In the few years before his death, Vincent moved to Arles where he rented 'the Yellow House' - another subject of his paintings, and about which he was to write: "That's a really difficult subject! But I want to conquer it for that very reason. Because it's tremendous, these yellow houses in the sunlight and then the incomparable freshness of the blue." 

Well, however hard the task, there can be no doubt that Vincent succeeded in his ambition. And, how poignant it is that the artwork unappreciated during the course of his lifetime is now considered to be among the world's most sought-after.

The Real Van Gogh exhibition was curated by Ann Dumas. In this short BBC film you can hear her thoughts and view some more of the works on display.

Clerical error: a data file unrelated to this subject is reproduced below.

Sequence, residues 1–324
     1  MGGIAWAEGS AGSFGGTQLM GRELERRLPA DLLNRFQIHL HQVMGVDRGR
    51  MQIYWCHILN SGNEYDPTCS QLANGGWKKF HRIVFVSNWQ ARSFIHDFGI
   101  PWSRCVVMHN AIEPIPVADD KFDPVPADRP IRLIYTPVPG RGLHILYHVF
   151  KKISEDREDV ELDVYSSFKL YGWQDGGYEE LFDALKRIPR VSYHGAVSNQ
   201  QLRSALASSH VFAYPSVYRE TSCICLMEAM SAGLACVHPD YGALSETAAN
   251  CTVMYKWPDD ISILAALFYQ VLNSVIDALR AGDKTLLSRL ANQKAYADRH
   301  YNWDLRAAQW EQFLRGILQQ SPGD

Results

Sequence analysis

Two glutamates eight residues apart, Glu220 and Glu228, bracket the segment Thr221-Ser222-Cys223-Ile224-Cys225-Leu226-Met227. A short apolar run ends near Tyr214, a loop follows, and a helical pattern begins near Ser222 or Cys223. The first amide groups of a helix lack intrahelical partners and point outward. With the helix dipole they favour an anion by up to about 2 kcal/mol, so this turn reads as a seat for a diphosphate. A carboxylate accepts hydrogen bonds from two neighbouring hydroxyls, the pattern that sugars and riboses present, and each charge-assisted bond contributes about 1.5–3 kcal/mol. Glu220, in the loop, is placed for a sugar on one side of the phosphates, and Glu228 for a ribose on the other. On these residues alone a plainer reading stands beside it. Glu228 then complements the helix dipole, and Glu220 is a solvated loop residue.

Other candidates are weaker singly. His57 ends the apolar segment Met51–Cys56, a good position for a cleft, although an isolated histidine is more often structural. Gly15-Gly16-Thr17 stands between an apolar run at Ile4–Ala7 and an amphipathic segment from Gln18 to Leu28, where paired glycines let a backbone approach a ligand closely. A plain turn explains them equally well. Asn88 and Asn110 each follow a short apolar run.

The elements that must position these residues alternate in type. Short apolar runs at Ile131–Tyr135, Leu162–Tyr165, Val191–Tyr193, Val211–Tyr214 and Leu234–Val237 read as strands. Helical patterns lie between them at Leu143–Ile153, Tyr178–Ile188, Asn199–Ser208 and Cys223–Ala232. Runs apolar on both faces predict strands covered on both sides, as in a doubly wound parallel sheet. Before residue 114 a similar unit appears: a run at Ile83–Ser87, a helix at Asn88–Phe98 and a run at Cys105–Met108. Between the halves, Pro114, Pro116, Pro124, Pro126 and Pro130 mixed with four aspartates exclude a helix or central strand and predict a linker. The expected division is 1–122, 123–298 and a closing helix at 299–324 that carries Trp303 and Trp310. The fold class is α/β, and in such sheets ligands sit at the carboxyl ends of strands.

If you have more interest in the letters of Van Gogh, Thames and Hudson have published them in a six-volume edition of books. They can also be viewed online at http://www.vangoghletters.org/.

Soon to be published in January 2023, the novel Mrs Van Gogh by Caroline Cauchi tells the story of Joanna Van Gogh, and her relationship with the Parisian art world and the two brothers who became so central to her life. 



Princess Lottie

In my new Victorian gothic novel, The Fascination (published by Orenda Books in June 2023), I have a character who never grows in size beyond the age of five.


There are many different forms of restricted growth, or dwarfism, but to generalise there are two main groups ~ disproportionate (achondroplasia) when the torso is generally much longer than the limbs, and due to malformed bone or cartilage the spine and legs can be curved, or bowed, and the forehead can be very prominent ~ or proportionate, when the body looks much the same as a fully-grown person's, but is simply much smaller.